What are your hobbies or interests outside of work?
My hobbies are singing, traveling and community service. While at Oakwood, I was a member of the Aeolians. I have worked with the praise team at First International SDA Church in Jacksonville, Florida. Presently I am singing with the Sanctuary Choir at my home church Daughter of Zion SDA Church in Delray Beach, Florida. I am also a guest soloist at other churches. I have traveled extensively and I have worked at several health fairs and community events.
Can interested students contact you with questions?
Certainly! It would be my pleasure to be able to guide perspective students in this great field of health care. I can be contacted by e-mail (firstname.lastname@example.org) or by phone 561-223-3340. Prospective students can also view my website abundantlivingchiropractic.com
Dr. Stacy- Ann Smith D.C. is a native of the island of Jamaica. During her time at Oakwood she was a member of the world-renowned Aeolians. She continues to minister in song regularly at religious and community events.
“I have finished the work, which You have given Me to do.” —John 17:4
Greetings future healthcare professionals!
After a very long hiatus, I am very happy to share with you the update on my journey as a medical student.
To those who have been following my journey, thank you for your support and kind words, spoken and unspoken. One of the many things I learned during my matriculation through professional school is that support is paramount. No man is an island, and if one tries to be, one area of your life will suffer for it. In short, ask for help when you need it. Seek a mentor, a therapist, a friend, a pastor, a financial advsior, and certainly seek God.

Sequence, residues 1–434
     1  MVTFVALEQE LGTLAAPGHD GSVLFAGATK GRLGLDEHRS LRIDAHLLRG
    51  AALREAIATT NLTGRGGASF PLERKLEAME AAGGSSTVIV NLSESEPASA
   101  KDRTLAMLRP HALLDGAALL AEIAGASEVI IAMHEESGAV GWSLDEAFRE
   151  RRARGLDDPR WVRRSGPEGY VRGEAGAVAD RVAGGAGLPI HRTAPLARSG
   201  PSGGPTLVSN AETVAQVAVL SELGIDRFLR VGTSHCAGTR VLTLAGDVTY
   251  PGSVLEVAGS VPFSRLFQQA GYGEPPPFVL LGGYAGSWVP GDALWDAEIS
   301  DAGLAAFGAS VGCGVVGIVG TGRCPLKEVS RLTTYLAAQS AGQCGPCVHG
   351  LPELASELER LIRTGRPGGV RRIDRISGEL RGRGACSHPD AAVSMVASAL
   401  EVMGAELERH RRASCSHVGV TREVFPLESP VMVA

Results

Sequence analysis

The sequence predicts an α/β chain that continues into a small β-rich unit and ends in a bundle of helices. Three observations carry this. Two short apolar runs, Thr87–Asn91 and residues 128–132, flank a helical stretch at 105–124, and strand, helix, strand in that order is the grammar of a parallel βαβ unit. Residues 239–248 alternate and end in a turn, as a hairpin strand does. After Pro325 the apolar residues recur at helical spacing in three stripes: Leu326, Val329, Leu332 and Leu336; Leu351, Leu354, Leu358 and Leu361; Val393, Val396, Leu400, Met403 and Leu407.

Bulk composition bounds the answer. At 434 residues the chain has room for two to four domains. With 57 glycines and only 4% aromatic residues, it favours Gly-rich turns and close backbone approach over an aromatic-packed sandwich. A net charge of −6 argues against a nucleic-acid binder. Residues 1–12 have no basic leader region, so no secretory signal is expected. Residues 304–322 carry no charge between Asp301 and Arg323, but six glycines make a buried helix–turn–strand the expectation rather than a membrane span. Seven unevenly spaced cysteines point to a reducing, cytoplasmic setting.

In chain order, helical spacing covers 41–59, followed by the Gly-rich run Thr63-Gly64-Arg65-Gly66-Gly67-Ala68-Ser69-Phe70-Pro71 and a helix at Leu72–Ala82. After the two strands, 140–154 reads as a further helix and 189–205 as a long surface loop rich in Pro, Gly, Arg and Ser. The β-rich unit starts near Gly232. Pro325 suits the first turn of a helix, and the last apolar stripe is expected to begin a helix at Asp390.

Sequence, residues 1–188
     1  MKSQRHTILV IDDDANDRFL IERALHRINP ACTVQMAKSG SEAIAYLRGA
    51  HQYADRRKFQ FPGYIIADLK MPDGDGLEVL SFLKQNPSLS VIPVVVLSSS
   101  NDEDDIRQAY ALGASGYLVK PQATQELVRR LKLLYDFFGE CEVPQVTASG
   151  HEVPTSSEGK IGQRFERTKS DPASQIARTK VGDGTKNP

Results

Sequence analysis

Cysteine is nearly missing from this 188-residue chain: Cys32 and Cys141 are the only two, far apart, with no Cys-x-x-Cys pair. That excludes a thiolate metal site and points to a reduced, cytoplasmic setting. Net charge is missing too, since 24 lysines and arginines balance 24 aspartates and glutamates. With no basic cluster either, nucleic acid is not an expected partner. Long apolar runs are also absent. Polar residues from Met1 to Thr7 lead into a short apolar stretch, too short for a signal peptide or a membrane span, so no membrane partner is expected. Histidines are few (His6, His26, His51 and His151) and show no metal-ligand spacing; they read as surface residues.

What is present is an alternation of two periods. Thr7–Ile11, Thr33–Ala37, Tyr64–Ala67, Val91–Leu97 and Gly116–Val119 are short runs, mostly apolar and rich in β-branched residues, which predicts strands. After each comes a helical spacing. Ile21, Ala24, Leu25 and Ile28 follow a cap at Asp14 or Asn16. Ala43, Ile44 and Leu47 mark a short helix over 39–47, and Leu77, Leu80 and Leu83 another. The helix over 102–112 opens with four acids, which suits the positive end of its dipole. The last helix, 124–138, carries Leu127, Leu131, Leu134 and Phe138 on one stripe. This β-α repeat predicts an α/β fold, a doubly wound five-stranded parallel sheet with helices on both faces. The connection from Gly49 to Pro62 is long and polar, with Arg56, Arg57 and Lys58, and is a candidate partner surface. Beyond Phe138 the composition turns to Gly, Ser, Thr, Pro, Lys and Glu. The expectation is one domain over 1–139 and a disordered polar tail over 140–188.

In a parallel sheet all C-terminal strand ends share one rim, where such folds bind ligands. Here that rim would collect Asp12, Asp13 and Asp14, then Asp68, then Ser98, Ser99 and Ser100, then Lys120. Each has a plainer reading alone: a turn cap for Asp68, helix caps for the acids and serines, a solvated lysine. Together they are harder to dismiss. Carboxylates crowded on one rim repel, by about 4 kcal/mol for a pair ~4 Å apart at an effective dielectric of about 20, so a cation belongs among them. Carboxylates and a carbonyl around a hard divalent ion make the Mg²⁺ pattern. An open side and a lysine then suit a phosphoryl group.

I have seen firsthand how not seeking help can be detrimental because I went through it myself. One reason for my silence in posting during my fourth year of medical school is due to an incident that occurred at the end of my third year.
After completing my third year clinical rotations in London, U.K, I realized I had some time left over to partake in a voluntary international elective. I am interested in global health and plan to volunteer as a medical missionary for at least a few weeks a year. For the first time, I was also in a prime location geographically to travel to Africa cost-effectively. As with all my major decisions, I wasted no time to research and sign-up for an amazing opportunity to rotate thru an inner-city hospital in Dar es Salaam, Tanzania with Work The World. I chose two weeks in Pediatrics, two weeks in OBGYN and one week in a faraway village. Those five weeks would take place in December/January, meaning I would be spending Christmas, New Years and my birthday in unfamiliar territory. How exciting!
Sub-Sahara Africa was definitely an eye-opener in more ways than one. I was emotionally taxed by the preventable deaths I witnessed due to the shortcomings of a 3rd-world healthcare system; however, I was increasing my medical acumen by being more hands-on with cases that are far more advanced in presentation than I would ever witness in the West. These cases included malaria, typhoid, tuberculosis, HIV, gastroenteritis, viral illnesses, very premature infants, etc.
Then, the unthinkable happened. On December 26, 2012, I was preparing for a presentation that I volunteered to do for the residents. Unfortunately, my program’s accommodation did not have WIFI access so I went across the street to conduct my research. Only steps away from my home on my return, I rounded a corner and immediately saw the man who would attack me.
Let me preface by saying that only seconds before, a voice in my head told me to cross my cloth-bag, which contained my valuables, over my shoulders. I refused to listen because home was seconds away, but the voice was relentless. Therefore, I crossed my bag over my shoulder, and seconds later, the eyes of the man that would attack me is now burned into my memory. He reached out and grabbed my bag and my first reaction was to instinctively resist and scream. He pulled at my bag and I clutched it harder and screamed louder.